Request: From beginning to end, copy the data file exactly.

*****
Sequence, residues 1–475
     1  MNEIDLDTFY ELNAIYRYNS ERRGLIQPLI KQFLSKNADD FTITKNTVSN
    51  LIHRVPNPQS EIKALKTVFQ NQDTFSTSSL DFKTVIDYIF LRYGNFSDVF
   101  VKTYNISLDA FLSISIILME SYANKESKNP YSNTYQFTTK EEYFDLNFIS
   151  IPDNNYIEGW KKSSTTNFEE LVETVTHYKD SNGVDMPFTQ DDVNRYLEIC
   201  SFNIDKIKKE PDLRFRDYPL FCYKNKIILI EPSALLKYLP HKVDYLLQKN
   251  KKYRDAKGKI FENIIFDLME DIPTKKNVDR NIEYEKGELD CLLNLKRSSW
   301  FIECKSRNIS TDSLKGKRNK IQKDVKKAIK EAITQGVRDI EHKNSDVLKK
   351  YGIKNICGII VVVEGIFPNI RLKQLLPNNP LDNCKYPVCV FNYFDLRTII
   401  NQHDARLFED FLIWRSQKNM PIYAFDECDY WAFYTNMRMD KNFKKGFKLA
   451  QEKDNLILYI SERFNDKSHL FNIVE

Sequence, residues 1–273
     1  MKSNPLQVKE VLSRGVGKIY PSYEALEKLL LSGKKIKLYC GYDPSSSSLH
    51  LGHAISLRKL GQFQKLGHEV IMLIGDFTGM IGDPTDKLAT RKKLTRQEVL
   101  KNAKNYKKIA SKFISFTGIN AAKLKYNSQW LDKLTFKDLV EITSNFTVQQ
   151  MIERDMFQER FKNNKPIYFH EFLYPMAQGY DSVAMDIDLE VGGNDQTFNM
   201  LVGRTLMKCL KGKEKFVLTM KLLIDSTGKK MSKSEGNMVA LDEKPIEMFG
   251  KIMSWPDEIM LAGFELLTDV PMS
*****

Sequence, residues 1–475
     1  MNEIDLDTFY ELNAIYRYNS ERRGLIQPLI KQFLSKNADD FTITKNTVSN
    51  LIHRVPNPQS EIKALKTVFQ NQDTFSTSSL DFKTVIDYIF LRYGNFSDVF
   101  VKTYNISLDA FLSISIILME SYANKESKNP YSNTYQFTTK EEYFDLNFIS
   151  IPDNNYIEGW KKSSTTNFEE LVETVTHYKD SNGVDMPFTQ DDVNRYLEIC
   201  SFNIDKIKKE PDLRFRDYPL FCYKNKIILI EPSALLKYLP HKVDYLLQKN
   251  KKYRDAKGKI FENIIFDLME DIPTKKNVDR NIEYEKGELD CLLNLKRSSW
   301  FIECKSRNIS TDSLKGKRNK IQKDVKKAIK EAITQGVRDI EHKNSDVLKK
   351  YGIKNICGII VVVEGIFPNI RLKQLLPNNP LDNCKYPVCV FNYFDLRTII
   401  NQHDARLFED FLIWRSQKNM PIYAFDECDY WAFYTNMRMD KNFKKGFKLA
   451  QEKDNLILYI SERFNDKSHL FNIVE

Sequence, residues 1–273
     1  MKSNPLQVKE VLSRGVGKIY PSYEALEKLL LSGKKIKLYC GYDPSSSSLH
    51  LGHAISLRKL GQFQKLGHEV IMLIGDFTGM IGDPTDKLAT RKKLTRQEVL
   101  KNAKNYKKIA SKFISFTGIN AAKLKYNSQW LDKLTFKDLV EITSNFTVQQ
   151  MIERDMFQER FKNNKPIYFH EFLYPMAQGY DSVAMDIDLE VGGNDQTFNM
   201  LVGRTLMKCL KGKEKFVLTM KLLIDSTGKK MSKSEGNMVA LDEKPIEMFG
   251  KIMSWPDEIM LAGFELLTDV PMS